Arcade Fire – The Suburbs


How much can you read into an opening line? The Suburbs opens with “In the suburbs I learn to drive”. What does this mean? Is it setting up a bildungsroman, the adolescent learning to do manly, responsible things? Is it speaking of the character’s yearn to escape, spending his life in the suburbs trying desperately to leave it?

Personally, I like to read it as a statement from the band themselves. On Funeral’s final track, Regine Chassagne mournfully weeps “I’ve been learning to drive, my whole life” using a car as a metaphor for a family, the youngsters graduating from the backseat to the drivers as they become head of the herd. In my mind, what is being said here is “Hey, remember Neon Bible? That album where we tried too hard to be grandiose and came off alienating people? Where we tried to save the world and forgot to save the people in it? Let’s pretend that didn’t happen. This is the real sequel to Funeral”.

And it is. It really is. Everything you loved about Funeral is here, with the added assistance of repeated phrases and explicitly mentioned themes. Maybe it’s lacking in outright riffs that will stay with you for years (go on, humm the intros to Tunnels or Wake Up, I know you can), but the blend of instruments is perhaps more impressive when there isn’t a strong single phrase to fall back on. It is reminiscent initially of The Decemberists’ The Hazards Of Love, being as it is a theatrical and dense concept album complete with handy reminders of what has come before. Some might get bored with the number of times they hear the words “modern”, “kids” or “suburbs” (as we speak I’m developing a drinking game which involves taking a shot every time one of these three words is mentioned, and is guaranteed to hospitalise even the hardiest of drinkers by about track 8), but it certainly succeeds in making the album seem to be a singular vision.

The songs are not consumed by strings or keyboards, and guitars are a constant fixture, Arcade Fire seem closer to The White Stripes or The Strokes than many of their fans might care to admit. Of course, the inventiveness, complexity and lyricism is ten-fold that of most garage rock bands, but when the album does delve into that sort of territory, it comes up with Month Of May, which, quite simply, rocks, and I will fight anyone to the death who claims it has no place on this album. Its irregularity is it’s advantage, the juxtaposition between it and its predecessor on the album, the lilting but a tad dull Suburban War, is one of the highlights of the album, heightened gloriously by a callous cry of “1, 2, 3, 4” by Win Butler, whose voice sounds as beautiful and anthemic (although maybe not as pained or delicate) as it ever has. It is superb that the track came from the same people that made the classically-infused, death-obsessed Funeral, and yet somehow, when you listen to it, the progression makes sense. And finally, a touch of humour from Arcade Fire. How often have they played with urgency and momentum to crowds full of “kids all standing with their arms folded tight”? Month Of May is a hell of a rebuttal to that culture, regardless of it being the one that hails them as Gods.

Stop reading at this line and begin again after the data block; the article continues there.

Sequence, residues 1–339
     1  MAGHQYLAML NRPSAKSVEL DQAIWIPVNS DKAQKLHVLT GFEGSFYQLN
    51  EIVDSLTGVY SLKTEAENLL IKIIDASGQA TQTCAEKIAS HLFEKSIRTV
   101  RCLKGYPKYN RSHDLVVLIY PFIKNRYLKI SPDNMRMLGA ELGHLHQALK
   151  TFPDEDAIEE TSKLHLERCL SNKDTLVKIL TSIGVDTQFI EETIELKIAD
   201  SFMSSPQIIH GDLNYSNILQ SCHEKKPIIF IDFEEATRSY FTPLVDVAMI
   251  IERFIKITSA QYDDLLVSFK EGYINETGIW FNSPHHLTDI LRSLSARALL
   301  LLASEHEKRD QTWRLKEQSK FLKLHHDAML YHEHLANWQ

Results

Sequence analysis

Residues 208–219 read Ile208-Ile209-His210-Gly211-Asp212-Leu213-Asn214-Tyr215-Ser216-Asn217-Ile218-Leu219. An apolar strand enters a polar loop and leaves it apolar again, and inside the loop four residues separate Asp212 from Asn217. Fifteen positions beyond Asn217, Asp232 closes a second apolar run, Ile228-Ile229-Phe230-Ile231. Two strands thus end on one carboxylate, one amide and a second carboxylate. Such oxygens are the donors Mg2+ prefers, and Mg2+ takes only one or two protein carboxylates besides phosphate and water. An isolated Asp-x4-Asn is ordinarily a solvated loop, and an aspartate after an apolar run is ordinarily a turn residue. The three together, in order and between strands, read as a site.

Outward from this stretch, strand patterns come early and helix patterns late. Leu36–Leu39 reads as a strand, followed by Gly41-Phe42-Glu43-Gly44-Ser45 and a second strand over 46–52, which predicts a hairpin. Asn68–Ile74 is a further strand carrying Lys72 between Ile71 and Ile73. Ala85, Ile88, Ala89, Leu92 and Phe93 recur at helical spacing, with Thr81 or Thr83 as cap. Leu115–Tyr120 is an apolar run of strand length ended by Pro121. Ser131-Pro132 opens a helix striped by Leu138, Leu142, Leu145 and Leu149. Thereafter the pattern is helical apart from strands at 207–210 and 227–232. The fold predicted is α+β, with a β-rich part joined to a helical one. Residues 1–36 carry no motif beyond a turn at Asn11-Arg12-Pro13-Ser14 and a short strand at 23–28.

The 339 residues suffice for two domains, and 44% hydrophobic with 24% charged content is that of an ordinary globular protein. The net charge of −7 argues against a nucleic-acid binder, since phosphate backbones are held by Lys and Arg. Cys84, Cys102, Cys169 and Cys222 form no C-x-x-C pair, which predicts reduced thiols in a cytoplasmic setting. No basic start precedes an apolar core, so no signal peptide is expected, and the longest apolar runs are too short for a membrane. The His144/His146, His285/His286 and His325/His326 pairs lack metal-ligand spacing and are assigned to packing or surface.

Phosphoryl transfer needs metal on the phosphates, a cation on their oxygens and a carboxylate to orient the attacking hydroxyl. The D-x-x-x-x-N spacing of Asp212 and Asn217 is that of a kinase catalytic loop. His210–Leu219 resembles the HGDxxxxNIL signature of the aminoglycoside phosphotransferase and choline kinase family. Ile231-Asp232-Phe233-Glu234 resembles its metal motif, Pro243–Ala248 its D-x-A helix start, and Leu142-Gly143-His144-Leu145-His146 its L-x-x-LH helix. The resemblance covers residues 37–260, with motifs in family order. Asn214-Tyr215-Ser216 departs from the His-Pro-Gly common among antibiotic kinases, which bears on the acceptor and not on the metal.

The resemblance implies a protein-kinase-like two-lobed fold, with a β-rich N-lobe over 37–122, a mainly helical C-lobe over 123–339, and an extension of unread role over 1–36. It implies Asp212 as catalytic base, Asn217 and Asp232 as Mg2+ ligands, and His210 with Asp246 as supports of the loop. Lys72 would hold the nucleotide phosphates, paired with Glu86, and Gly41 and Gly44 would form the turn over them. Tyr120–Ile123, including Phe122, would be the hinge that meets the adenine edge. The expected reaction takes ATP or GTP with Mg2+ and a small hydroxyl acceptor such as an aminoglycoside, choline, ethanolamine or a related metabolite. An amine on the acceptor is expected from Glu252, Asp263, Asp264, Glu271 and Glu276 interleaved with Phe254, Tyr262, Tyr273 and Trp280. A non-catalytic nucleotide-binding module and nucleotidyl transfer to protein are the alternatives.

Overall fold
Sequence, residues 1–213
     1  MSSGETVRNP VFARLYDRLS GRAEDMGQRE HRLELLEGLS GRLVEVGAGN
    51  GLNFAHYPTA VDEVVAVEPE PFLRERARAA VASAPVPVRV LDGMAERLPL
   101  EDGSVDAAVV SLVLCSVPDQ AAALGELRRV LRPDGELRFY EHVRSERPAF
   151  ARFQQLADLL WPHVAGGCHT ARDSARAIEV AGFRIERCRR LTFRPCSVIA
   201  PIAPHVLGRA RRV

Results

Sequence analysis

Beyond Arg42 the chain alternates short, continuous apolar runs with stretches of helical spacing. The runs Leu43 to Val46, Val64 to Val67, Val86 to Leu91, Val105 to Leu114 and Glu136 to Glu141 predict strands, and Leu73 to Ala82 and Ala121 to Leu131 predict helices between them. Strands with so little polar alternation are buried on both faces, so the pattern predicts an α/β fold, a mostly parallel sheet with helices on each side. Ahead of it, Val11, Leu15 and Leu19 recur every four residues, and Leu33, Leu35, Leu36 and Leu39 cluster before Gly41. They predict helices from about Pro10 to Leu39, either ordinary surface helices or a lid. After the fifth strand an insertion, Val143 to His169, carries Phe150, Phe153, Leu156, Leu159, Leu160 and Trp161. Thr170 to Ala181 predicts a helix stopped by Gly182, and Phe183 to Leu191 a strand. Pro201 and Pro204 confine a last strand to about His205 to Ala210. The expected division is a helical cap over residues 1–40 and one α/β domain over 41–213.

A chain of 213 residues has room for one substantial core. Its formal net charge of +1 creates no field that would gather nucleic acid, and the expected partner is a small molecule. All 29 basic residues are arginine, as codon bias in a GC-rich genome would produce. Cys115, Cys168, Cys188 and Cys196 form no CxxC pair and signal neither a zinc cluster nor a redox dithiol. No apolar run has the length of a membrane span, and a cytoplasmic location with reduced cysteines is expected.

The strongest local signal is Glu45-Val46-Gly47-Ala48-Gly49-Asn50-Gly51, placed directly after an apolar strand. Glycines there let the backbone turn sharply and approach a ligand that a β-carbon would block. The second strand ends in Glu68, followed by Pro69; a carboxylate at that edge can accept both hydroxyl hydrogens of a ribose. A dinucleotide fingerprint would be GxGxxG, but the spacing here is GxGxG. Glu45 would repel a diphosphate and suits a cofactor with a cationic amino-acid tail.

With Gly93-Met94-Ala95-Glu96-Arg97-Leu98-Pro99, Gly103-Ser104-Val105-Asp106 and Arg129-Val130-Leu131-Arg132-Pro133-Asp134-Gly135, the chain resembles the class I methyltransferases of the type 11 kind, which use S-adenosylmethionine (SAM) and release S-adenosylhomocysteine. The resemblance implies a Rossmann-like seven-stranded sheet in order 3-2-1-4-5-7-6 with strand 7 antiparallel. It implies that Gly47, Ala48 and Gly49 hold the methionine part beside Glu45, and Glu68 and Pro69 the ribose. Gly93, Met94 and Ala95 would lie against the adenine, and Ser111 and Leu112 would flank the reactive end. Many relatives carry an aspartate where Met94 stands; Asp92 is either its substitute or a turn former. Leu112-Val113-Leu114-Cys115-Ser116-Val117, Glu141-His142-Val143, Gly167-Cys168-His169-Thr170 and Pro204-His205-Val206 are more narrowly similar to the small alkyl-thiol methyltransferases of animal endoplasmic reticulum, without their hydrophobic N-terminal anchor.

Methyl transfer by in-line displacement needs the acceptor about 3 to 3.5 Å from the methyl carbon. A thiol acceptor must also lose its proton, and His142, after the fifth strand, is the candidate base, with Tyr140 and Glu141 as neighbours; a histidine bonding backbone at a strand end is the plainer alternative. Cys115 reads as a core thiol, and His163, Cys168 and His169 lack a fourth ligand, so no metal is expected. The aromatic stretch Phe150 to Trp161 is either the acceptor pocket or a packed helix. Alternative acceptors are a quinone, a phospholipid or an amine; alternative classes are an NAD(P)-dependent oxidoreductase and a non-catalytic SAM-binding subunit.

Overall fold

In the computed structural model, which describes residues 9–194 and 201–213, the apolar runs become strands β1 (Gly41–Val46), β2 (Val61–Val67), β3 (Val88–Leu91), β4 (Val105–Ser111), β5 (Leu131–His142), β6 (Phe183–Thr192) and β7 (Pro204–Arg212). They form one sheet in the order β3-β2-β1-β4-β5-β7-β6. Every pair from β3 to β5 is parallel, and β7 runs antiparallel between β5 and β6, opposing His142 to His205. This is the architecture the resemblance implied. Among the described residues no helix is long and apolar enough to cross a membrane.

The opening two tracks, make a fine introduction into what Arcade Fire are trying to do with this album, although after that there is something of a letdown. Rococo is almost cringe-worthy in its patronising lyricism, “lets go down and talk to the modern kids, they will eat right out of your hand, using great big words that they don’t understand” and definitely seems like a dud. It’s followed up by Empty Room, which is akin to a piece of fluff, seeming to take up less space than it actually does. Is it really a whole 3 minutes? It seems to come and go with barely a whisper, possibly due to the use of Regine instead of Win on vocals. City With No Children picks it back up, built around a single riff in a way that does not quite suit the rest of the album, but along with the hand claps and fist-punching vocals it grants the album a real sense of occasion after something of a purple patch.